Thirty years ago, Ford loaned me a brand-new Cobra R to test drive. It was the hottest Mustang you could buy back then. A street-legal race car with a 5.8 liter (351 cubic inch) V8 that made 300 horsepower, paired with a five speed manual. The car was built for all-out performance and so weight-adding, power-sapping things such as back seats, power windows and AC were deleted. The car didn’t even have a radio. And you had to have a road racing license to buy it.

Thirty years later, anyone can buy a new four cylinder Mustang that is the performance-equal of the V8 powered ’95 Cobra R. With back seats – and standard AC. Ford has even managed to make the four sound like a V8; when equipped with the available performance package and “active” exhaust, it can make you forget all about the V8.

Especially when you floor it.

The sole detraction is the mandatory ten speed automatic – but not because it doesn’t shift with double-clutching ferocity when in Sport or Track mode. There is nothing objectively wrong with it. But subjectively, it’d be more fun to command the turbo four’s 315 horses via the more direct connection of a manual transmission. Ford has done everything electronically possible to replicate the feels and sounds of a manual but it’s still an automatic and that leaves out the element of shifting for yourself – which is fun, even if it’s not the quickest way to get to 60; even if you miss a shift or shift too early (or too late) in a curve.

The good news is you can still shift for yourself in the GT – which still comes standard with the six speed manual (the ten speed automatic is optional). That makes it more fun, but you’ll have to pay $10k more more to have it – which is unfortunate.

What isn’t – whether you go with the four or opt for the V8 – is how much fun it is to put either iteration of the Mustang through its paces, especially in the corners. My test drive in the turbo four-powered Mustang reminded me of my test drive of the V8-powered Cobra R – without the sweat-soaked shirt after the test drive.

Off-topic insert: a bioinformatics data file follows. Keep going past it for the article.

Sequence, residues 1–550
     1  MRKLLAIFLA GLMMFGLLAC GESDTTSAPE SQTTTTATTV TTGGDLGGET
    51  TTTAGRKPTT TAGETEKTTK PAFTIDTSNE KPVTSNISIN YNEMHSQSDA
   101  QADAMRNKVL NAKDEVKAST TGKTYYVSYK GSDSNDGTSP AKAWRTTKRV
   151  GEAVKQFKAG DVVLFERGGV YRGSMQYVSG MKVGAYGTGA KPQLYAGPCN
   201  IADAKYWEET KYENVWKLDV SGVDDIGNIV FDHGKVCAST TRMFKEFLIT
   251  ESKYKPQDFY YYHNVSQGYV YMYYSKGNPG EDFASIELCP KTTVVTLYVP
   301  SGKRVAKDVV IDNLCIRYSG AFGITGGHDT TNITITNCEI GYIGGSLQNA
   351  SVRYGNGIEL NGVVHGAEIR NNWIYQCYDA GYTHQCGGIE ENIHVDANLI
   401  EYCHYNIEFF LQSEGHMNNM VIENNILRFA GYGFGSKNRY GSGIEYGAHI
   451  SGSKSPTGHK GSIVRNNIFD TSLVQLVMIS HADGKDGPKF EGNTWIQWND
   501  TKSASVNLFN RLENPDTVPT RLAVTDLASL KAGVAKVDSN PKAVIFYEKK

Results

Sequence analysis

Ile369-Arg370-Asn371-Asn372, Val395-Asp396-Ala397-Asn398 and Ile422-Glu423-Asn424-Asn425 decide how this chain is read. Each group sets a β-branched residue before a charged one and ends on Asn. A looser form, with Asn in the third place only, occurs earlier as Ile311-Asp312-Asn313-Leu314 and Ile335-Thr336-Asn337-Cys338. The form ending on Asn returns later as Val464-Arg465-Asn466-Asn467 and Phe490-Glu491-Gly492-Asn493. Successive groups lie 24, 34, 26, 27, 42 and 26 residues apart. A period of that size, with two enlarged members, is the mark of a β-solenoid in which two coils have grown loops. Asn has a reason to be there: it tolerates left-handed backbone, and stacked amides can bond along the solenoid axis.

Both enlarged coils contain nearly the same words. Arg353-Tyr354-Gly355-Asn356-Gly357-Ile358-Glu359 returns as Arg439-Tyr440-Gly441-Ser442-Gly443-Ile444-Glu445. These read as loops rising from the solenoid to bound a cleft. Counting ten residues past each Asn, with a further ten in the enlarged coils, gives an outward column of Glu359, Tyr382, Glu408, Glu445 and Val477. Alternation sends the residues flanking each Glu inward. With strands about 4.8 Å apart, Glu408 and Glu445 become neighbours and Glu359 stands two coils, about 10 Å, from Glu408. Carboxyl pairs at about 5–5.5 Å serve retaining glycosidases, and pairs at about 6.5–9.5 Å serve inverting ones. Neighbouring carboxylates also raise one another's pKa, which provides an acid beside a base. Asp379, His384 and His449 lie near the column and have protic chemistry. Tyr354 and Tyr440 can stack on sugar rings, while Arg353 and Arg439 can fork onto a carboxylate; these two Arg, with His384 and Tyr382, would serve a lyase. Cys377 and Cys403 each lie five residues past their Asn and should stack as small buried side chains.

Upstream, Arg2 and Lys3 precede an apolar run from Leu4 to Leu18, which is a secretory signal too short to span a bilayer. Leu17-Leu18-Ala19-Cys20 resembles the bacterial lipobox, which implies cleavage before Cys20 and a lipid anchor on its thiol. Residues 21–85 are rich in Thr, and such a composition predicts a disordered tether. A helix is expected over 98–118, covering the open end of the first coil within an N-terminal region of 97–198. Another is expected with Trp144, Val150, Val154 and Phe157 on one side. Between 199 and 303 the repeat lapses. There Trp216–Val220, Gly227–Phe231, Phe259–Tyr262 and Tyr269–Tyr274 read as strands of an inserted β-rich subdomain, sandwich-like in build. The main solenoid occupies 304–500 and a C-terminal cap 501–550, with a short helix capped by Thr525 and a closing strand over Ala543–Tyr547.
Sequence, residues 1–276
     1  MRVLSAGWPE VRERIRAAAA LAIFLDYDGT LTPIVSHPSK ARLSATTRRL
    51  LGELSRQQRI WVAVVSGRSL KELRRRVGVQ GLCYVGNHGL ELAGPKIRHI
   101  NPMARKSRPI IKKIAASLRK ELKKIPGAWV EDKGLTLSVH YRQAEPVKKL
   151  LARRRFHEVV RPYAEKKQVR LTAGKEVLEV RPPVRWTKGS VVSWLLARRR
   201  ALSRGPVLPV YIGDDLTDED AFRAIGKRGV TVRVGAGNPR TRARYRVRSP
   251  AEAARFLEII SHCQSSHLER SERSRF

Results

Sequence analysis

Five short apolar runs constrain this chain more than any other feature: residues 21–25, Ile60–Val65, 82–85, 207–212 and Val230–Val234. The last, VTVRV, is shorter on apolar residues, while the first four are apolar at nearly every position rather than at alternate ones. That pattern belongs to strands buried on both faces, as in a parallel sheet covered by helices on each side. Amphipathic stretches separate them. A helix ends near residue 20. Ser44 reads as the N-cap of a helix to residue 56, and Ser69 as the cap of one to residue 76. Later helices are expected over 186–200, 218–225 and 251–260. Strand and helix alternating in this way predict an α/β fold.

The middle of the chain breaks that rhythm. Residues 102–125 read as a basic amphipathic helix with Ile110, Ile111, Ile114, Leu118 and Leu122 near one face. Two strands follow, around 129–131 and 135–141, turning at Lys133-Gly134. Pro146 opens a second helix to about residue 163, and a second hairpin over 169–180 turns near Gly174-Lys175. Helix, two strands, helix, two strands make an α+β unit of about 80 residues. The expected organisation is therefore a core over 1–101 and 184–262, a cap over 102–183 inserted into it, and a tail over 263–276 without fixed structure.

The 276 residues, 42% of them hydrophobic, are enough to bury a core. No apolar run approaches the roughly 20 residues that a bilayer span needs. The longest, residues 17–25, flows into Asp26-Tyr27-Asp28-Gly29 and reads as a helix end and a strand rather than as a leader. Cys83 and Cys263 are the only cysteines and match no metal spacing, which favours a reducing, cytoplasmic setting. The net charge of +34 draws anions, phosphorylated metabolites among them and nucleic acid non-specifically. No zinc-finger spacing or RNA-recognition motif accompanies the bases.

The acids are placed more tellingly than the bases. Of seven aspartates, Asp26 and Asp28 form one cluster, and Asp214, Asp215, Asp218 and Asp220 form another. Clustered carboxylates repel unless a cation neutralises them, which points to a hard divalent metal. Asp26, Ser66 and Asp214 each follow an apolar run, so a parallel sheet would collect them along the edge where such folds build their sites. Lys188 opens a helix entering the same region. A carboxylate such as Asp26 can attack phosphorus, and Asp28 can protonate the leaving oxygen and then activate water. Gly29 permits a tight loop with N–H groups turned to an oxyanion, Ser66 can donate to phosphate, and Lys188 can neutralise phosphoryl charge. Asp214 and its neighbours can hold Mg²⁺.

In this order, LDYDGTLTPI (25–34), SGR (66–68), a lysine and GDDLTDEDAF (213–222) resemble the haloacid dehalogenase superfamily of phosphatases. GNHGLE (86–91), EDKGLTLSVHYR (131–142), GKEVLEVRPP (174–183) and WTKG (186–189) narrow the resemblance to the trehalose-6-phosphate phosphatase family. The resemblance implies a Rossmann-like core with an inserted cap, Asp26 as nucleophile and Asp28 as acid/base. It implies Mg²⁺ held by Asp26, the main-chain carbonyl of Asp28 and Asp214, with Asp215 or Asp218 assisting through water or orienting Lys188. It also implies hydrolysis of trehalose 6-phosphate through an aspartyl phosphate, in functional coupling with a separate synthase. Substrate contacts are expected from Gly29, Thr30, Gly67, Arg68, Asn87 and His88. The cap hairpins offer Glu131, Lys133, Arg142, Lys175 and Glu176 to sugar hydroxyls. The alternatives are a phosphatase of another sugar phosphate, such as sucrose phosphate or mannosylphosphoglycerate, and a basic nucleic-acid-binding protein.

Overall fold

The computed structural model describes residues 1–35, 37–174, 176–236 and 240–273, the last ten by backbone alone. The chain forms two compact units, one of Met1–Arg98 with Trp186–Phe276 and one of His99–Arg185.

Ford may not offer the manual with the four but you can get most of the equipment that makes a GT what it is, including the $3,475 Performance Package that bundles a 3.55 rear axle, larger sway bars, 19-inch Brembo brakes (and 19×9-inch light alloy wheels with ZR-rated “summer” tires), heavy-duty suspension and paddle shifters for the 10 speed automatic. If you get the one-notch-up Ecoboost Premium trim, you can order the GT’s available MagnaRide adjustable suspension system, too.

The GT’s Recaro sport buckets – which are superb – are also available.

At The Curb

In addition to being a very fun car, the Mustang is also a reasonably practical car – for the kind of car that it is.

In part because it has back seats. These can be sat in, too – by smaller people, for short hops. But they’re not so much for people as they are for the stuff that might not fit in the Mustang’s trunk – which is surprisingly spacious (13.5 cubic feet) for the kind of car it is. As a reference point, a compact sedan such as the current (2024) Honda Civic has a not-much-larger (14.8 cubic foot) trunk – and it is considered a “practical” car.

Which it is. But the point is, so’s the Mustang – and it’s a lot more fun.

It’s also a lot more distinctive. Unlike pretty much everything else, which looks pretty much like everything else.